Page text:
Leader of Mexico’s Gulf Cartel Sentenced to 35 Years

By Dialogo
May 15, 2013


Aureliano Cano Flores, one of Mexico’s notorious Gulf Cartel leaders, was sentenced to 35 years in prison for smuggling marijuana and cocaine into the United States, the Public Prosecutor reported on May 13.

Cano Flores, aka ‘Yankee’ and ‘Yeyo,’ was given the prison term by U.S. federal judge Barbara Rothstein in Washington, D.C. for conspiracy to smuggle several tons of cocaine and marijuana from Mexico across the U.S. border, according to a statement issued by the U.S. Department of Justice.

The judge also ordered him to forfeit $15 billion obtained through drug trafficking.

Federal authorities also allege that 1,400 tons of cocaine and 8,000 tons of marijuana were smuggled into the United States by the Gulf Cartel between 2000 and 2010.

In 2011 Cano Flores, 40, was extradited from Mexico and was tried in February, where he was found guilty of conspiracy to smuggle at least five kilograms of cocaine and one ton of marihuana, the statement said.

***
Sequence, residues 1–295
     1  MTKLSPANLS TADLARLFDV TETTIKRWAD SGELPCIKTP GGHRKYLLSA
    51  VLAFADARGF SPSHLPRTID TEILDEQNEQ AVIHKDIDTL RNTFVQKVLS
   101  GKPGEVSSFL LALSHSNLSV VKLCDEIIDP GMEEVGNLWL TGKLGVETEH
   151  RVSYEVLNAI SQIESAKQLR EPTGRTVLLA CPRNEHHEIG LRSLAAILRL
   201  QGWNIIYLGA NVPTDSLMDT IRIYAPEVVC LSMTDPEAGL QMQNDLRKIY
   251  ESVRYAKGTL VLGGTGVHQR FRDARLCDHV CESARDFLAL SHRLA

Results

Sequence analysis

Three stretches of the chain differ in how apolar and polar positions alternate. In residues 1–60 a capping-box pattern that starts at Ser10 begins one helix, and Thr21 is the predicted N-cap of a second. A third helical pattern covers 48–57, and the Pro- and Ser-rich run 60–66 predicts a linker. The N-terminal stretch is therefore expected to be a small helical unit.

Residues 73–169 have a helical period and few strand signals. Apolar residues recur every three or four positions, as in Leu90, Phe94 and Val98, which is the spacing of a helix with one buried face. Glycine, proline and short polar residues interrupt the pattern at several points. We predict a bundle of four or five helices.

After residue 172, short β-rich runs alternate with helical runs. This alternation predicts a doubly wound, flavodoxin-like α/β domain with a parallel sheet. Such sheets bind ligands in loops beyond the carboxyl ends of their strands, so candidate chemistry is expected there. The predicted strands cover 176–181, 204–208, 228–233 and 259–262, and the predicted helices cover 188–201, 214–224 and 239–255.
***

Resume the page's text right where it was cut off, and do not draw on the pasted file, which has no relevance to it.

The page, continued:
During the trial, the Department of Justice was able to submit phone taps and the testimony of other members of the cartel, considered as one of the most powerful and violent Mexican drug organizations.

“For over a decade, Cano Flores worked with some of the most dangerous criminals in the world in order to smuggle enormous amounts of cocaine and marijuana into the United States,” prosecutor Mythili Raman said in the statement.

According to evidence submitted in the trial, Cano Flores started in the Gulf Cartel when he was a police officer in 2001, and then he became top boss in Los Guerra, a border town in the state of Tamaulipas, where he was in charge of the main influx of drugs smuggled by the criminal organization into the United States.

“As a leader” of the Gulf Cartel, he “put the lives of innocent people from both sides of the border in jeopardy,” Raman added.

The Gulf Cartel started to operate in 2000 as a 100-member organization which controlled three border towns, and after a decade it was ruling the drug trafficking routes over fifty percent of the Mexican territory, hiring about 25,000 people and resorting to murder, kidnapping, intimidation, and corruption.



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